Ask The Expert: Monitor Placement In Smaller Studios
In our second episode of Ask The Expert, we recruited our Senior Acoustic Engineer, Stephen Entwistle, to answer all of your questions about studio monitors in smaller studios such as the home studio. See all of his answers in the video below. Enjoy!
This month's questions
Can an EQ and RTA fix a monitor problem? Should the engineer have a mono reference or twin stereo monitors? How can you treat tiny home studios?
These were some of the excellent questions you guys posted to our Facebook update. In this video, Stephen shares his suggestions and offers answers to questions about the equilateral triangle, subwoofers, and so much more.
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Question 1 - Sacha Hansler:
Can an EQ and RTA fix a monitor problem?
Question 2 - Mixx Pitt:
Do smaller monitors have better imaging?
Question 3 - Seamus McManus:
Mono reference for the engineer instead of twin stereo monitors
Question 4 - Roelof Klop:
What type of bass trap works?
Question 5 - Philip Paske:
Is it possible to treat a very room?
Questions 6, 7, and 8 - Rob Rodier, Simon Magnusson, and Julian Rodriguez:
How should I place my studio monitors?
Question 9 - Dom Capello:
What to do when you have null in a heavily treated room
Questions 10 and 11 - Jérémy Savry, and Jan Lindvaag:
How do I set up my subwoofer?
We want to give a big thanks to all of those who posted questions. As we did last time, we'll make sure keep an eye out for any interesting questions to bring to the next episode of Ask The Expert.
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If you have any more questions, please share them with us - and the rest of our community - on our Facebook page or directly in the comment section on YouTube.
All the best,
Stephen and Christopher
Like that? Read this...
Want more Ask the Expert with our development crew? Check out this episode with Andreas Sørensen where he talks about our drive units.
Have you had a look at the new LYD 48 monitor? No? Click here to check it out.
While we're talking with the pros, why not listen to some Studio Masters as well? Click here to meet Daniel Miller (he discovered Depeche Mode!).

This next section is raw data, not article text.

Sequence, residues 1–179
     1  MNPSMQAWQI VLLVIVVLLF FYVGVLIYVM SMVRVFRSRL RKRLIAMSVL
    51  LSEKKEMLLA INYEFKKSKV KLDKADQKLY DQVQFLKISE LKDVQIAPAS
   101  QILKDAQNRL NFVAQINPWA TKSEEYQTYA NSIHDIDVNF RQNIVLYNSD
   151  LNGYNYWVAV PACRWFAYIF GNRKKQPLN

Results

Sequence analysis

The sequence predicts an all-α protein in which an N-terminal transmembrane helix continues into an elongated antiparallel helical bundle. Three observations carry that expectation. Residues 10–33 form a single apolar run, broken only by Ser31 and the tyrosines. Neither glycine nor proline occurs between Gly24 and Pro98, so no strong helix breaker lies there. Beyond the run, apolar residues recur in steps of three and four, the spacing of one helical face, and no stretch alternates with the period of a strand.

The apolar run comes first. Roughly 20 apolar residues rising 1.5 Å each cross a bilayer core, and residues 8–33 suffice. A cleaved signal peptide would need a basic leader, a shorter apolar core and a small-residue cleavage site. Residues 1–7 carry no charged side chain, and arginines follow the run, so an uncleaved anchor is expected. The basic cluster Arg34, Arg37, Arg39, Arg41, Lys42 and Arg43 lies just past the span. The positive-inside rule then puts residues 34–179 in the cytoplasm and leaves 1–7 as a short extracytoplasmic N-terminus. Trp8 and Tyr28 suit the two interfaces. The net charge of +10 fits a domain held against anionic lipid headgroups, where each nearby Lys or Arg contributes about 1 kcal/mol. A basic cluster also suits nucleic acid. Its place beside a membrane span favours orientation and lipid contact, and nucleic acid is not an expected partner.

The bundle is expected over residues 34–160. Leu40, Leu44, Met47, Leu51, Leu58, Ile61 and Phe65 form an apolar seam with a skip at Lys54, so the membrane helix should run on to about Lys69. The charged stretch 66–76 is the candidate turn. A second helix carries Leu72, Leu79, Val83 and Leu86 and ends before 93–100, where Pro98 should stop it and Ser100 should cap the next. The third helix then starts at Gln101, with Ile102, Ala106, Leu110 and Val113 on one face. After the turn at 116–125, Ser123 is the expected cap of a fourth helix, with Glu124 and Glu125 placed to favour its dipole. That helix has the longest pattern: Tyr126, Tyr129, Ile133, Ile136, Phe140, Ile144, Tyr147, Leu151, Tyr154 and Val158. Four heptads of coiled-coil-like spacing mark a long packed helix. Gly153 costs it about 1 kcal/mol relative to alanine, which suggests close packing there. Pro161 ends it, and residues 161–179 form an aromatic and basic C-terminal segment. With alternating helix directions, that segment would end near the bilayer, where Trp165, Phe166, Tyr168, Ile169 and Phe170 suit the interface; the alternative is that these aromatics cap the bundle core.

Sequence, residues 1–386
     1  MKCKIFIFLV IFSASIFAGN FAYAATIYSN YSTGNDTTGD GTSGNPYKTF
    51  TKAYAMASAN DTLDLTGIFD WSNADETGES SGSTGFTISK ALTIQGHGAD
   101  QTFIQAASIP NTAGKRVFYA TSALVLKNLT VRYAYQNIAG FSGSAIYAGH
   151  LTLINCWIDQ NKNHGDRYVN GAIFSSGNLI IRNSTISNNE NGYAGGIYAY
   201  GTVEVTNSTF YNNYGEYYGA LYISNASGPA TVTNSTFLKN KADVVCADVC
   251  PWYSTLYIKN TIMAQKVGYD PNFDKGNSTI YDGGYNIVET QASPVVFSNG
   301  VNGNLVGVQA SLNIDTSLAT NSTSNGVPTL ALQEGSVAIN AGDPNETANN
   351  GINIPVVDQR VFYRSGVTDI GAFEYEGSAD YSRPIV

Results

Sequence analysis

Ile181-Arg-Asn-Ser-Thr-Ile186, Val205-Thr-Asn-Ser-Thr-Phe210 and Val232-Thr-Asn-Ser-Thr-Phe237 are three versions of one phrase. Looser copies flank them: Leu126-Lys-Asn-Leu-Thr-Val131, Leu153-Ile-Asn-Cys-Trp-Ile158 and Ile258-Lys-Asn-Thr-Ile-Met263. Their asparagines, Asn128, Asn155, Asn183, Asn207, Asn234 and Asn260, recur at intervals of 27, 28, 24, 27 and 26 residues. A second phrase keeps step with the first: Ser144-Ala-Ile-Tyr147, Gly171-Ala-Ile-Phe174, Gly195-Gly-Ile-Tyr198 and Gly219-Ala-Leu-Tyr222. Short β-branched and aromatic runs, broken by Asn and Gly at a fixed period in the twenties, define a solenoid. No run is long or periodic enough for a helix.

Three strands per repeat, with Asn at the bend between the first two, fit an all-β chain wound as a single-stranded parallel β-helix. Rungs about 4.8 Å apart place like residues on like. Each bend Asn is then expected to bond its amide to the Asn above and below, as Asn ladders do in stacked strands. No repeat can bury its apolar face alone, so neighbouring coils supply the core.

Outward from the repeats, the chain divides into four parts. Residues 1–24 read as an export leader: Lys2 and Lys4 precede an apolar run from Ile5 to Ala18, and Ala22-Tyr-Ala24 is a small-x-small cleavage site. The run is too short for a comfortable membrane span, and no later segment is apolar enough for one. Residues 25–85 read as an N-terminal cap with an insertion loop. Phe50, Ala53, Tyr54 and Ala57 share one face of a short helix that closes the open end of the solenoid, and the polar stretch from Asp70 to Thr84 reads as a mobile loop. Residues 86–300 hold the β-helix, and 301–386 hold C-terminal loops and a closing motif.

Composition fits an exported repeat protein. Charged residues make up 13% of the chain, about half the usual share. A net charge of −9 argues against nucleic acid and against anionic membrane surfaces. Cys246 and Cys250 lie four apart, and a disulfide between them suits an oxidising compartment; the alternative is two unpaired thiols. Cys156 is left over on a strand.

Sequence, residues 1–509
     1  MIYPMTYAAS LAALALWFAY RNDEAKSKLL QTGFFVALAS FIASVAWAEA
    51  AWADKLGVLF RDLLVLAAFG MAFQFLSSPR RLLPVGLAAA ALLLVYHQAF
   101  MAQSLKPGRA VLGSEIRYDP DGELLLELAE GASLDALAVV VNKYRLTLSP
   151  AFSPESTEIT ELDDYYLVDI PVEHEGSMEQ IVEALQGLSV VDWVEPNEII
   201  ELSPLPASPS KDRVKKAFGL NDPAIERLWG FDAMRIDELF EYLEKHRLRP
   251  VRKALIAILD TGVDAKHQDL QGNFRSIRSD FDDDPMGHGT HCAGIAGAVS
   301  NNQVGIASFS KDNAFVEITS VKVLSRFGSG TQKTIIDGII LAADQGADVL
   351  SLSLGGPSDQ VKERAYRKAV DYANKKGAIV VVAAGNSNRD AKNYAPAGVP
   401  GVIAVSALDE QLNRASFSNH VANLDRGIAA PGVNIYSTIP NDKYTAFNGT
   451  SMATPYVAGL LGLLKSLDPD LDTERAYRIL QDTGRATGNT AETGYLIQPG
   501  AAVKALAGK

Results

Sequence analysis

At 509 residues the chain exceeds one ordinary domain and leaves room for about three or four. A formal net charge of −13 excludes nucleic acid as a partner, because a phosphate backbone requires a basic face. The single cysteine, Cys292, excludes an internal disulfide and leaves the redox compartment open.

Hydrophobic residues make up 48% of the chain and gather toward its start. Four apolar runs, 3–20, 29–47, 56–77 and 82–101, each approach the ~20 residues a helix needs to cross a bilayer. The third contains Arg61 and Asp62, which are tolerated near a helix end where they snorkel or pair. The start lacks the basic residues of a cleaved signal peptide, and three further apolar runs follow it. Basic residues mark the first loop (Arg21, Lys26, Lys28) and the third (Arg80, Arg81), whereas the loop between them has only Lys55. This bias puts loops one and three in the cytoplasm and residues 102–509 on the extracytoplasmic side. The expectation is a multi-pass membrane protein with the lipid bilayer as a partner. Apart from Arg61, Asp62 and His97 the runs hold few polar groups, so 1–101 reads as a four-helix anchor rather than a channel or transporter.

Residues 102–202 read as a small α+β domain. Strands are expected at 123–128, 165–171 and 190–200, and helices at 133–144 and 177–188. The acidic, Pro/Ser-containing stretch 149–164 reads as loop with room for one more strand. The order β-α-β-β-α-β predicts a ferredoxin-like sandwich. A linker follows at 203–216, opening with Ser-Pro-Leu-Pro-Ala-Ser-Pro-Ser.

Christopher Kjærulff: Welcome to the second episode of the Ask the Expert. My name is Christopher Kjærulff and with me today I have Stephen Entwistle and Stephen is one of our senior acoustic engineers. And that is one great job title you have there Stephen. Can you tell me a little bit about what you do here in Dynaudio.
Stephen Entwistle, Senior Acoustic Engineer: I have just finished our new personal reference monitor LYD. My job is to kind of - pull everything together and deliver a great sounding product.
Christopher: Perfect. Should we move on to the first question?
Christopher: Ok Stephen we have this really interesting question from Sacha, who asks if it is actually possible to fix a monitor problem using EQ and RTA.
Stephen: I am sure, no you cannot. You are trying to solve a time domain problem in the frequency domain, which is near enough to impossible. You can use a pink noise source played through your speakers on an RTA to look at peaks in your frequency domain. Then you can apply the EQ to reduce those peaks. But you are never going to solve the time domain problem.
Christopher: Ok, you talked about reducing. Should people boost if there is a dip?
Stephen: No you should never boost. If there is a dip there, even though you put lots of energy to pink noise, even if you put more energy, there will still going to be a dip and all you are going to do is to break your speakers.
Christopher: Ok so to sum up?
Stephen: To sum up, you cannot truly solve a time domain problem in the frequency domain.
Christopher: Perfect. Ok Stephen we have a question from Mixx. He asked is there a reason why the image on a pair of BM5A MKII is so good. Is it because it is small speakers?
Stephen: Yeah. What we tend to find is that smaller speakers image better than the larger ones because they have a smaller baffle and the drive units are closer together so interactions between them happen in a higher frequency so hopefully out of the audio band.
Christopher: I know you mentioned something about artifacts to me earlier. Can you explain what those are and how they interact with this image?
Stephen: So there is… The artifacts that we get are – edge defection and the actual interaction between the drive units themselves. With the edges, what tends to happen is the edge becomes another source and that source that interacts with the original source, which is the drive unit, and that causes distortion and time smearing and the time smearing and the distortion of the artifacts that cause the stereo image to collapse. So the smaller the speaker the image is better.
Christopher: Ok. Thanks!
Christopher: We have another question from Seamus and he asks, Stephen, how do you feel about a mono reference for the engineer instead of a stereo.
Stephen: For me, if the stereo setup is good enough, you don’t need a mono speaker.
Christopher: Ok - and it's just that simple?
Stephen: Yeah. If you have got a good pair of speakers and you have got a good interface that is capable of giving you a mono fold-down then you get a mono image that is the same as – if it was coming from the left speaker or the right speaker.
Christopher: Ok. So could you actually use this for – as a test for the quality of the speakers?
Stephen: Yeah we use it in LYD to test the quality of the speakers, how well they image. Just to make sure that the image – when it is mono is the same as if it is in the left or the right speaker.
Christopher: Ok Stephen we have this really interesting question from Roelof – that leads into room treatment. He asks about – can you use 20 cms of glass wool as a bass trap.